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October 8, 2009
Toronto Emergency Medical Services releases findings on Alexander Street call and confirms actions taken on recommendations.
This afternoon, Chief Bruce Farr released the findings and recommendations from the Ministry of Health and Long Term Care (MOHLTC) investigation into the response time of Toronto EMS to a call to Alexander Street on June 25th, 2009.

The investigation found that there was a preventable delay in the ambulance response time to the call. The delay was caused primarily by a series of decisions that were made by Toronto EMS staff that did not follow existing EMS policy and procedures.

Prior to releasing the findings at the press conference, Chief Farr met with Mr. Hearst’s family to express his sympathy and to discuss the findings of the report. “My deepest sympathies are extended to Mr. Hearst’s family on behalf of the entire Toronto EMS team. I want to assure the family and all Torontonians that we have learned from what transpired and will take action to strengthen existing policies and procedures so that this situation can be prevented in the future,” said Chief Farr.

The investigator made 13 recommendations. The recommendations range from providing staff with remedial training to reinforcement and review of current EMS policy and procedure. Toronto EMS has already implemented a number of the recommendations and will follow through as quickly as possible to implement the remainder.

Key actions taken to date include:

• Preparation of remedial training programs for staff, including those involved in the call.
• Directive to all Toronto EMS managers to review and reinforce the existing staging policy.
• Improved supervision and management oversight of the staging process with the implementation of an “alarm” system in the Communication Center.
• A comprehensive review process of the existing staging policy and procedure is underway.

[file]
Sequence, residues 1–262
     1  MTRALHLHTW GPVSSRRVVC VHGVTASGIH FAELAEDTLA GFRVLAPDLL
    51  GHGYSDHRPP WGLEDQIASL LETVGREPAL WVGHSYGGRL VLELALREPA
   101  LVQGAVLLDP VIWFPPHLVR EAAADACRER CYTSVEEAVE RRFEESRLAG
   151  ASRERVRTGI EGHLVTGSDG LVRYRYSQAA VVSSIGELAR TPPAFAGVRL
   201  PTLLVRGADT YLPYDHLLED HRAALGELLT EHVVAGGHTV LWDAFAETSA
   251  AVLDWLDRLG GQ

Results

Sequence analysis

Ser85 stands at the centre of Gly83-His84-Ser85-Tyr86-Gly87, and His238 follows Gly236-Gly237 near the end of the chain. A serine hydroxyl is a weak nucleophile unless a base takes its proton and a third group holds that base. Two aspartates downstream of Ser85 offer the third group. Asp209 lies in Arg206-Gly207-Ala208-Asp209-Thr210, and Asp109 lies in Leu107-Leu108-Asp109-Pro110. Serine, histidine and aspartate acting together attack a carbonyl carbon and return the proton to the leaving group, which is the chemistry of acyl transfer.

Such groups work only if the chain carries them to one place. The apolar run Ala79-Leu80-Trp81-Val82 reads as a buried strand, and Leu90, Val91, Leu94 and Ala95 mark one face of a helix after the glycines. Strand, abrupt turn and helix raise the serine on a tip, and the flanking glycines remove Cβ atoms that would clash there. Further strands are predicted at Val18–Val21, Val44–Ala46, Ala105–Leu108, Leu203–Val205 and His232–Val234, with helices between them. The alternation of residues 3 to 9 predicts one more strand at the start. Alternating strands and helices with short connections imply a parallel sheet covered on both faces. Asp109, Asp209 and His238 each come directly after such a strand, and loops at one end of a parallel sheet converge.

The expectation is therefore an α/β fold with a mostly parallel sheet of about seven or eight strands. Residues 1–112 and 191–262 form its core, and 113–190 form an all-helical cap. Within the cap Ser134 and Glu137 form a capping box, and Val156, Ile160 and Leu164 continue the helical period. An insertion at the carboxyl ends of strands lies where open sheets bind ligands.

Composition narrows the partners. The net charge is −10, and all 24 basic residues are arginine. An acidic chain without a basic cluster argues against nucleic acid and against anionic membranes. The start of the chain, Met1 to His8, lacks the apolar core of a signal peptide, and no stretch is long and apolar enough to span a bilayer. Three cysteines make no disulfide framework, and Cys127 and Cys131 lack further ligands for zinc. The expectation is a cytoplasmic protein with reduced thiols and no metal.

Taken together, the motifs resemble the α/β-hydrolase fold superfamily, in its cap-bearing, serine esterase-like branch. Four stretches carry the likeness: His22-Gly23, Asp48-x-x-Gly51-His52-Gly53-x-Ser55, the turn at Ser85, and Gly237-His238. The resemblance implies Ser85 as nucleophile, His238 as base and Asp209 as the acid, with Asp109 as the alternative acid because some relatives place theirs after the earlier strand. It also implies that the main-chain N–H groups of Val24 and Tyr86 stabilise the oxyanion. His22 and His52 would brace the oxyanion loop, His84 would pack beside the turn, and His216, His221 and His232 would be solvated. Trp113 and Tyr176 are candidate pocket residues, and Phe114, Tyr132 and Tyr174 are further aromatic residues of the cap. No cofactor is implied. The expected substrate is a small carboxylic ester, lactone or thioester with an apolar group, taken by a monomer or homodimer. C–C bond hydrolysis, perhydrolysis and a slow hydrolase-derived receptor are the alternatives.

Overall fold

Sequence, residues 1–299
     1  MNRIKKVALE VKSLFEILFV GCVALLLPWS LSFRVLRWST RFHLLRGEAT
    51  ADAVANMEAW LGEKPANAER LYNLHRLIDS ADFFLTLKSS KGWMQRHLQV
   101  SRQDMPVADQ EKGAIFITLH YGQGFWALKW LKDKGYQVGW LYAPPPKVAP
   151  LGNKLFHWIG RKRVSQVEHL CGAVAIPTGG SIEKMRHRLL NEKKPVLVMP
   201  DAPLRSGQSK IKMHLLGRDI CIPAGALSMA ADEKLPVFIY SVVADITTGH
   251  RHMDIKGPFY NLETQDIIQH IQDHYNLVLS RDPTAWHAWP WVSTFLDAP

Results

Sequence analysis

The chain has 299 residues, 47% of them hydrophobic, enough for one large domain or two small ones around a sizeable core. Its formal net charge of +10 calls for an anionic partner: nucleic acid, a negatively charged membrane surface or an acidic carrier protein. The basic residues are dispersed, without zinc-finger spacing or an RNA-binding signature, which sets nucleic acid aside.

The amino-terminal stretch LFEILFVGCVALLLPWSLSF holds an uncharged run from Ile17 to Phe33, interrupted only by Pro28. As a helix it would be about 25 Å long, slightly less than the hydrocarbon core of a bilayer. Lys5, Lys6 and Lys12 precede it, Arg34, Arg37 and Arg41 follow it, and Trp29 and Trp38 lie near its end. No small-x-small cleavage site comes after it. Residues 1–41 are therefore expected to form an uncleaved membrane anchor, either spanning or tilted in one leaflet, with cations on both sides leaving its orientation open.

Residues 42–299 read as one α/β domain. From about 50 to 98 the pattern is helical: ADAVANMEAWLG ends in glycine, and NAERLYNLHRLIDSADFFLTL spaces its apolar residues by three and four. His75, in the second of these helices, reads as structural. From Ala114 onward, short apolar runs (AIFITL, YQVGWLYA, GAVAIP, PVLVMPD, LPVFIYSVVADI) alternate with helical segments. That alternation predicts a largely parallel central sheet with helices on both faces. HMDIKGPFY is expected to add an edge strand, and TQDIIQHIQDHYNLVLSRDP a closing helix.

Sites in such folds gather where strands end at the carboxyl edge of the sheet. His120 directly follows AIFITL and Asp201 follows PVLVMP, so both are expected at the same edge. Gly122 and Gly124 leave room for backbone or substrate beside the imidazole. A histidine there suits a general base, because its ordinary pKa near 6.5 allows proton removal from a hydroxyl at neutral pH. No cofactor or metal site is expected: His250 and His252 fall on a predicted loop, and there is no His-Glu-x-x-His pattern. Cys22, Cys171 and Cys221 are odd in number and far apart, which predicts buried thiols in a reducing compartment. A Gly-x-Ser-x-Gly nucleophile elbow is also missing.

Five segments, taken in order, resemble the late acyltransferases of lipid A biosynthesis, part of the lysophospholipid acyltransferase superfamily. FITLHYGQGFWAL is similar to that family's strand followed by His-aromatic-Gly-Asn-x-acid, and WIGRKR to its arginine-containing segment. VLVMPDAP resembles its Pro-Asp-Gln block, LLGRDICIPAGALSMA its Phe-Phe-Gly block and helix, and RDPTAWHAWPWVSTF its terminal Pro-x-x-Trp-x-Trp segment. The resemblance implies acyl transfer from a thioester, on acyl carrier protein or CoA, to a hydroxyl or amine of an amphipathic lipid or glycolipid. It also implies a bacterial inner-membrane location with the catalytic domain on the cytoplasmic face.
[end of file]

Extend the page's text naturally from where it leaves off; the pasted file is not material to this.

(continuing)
In addition, the Mayor has asked the City Manager to convene a working group with representation from EMS, the Ministries of Health and Long-Term Care and Labour, the union and the City to review the current policy regarding paramedic staging. The staging policy is used when a paramedic is in doubt about their safety and may request that police or other appropriate agency attend the scene. This policy was put in place in 2005 as a result of an order by the Ministry of Labour.

Background material can be found at

Toronto is Canada's largest city and sixth largest government, and home to a diverse population of about 2.6 million people. It is the economic engine of Canada and one of the greenest and most creative cities in North America. Toronto has won numerous awards for quality, innovation and efficiency in delivering public services. 2009 marks the 175th anniversary of Toronto's incorporation as a city. Toronto's government is dedicated to prosperity, opportunity and liveability for all its residents.

Media contact:
Kim McKinnon, Coordinator Public Information and Media, Toronto Emergency Medical Services, 416-392-2255,



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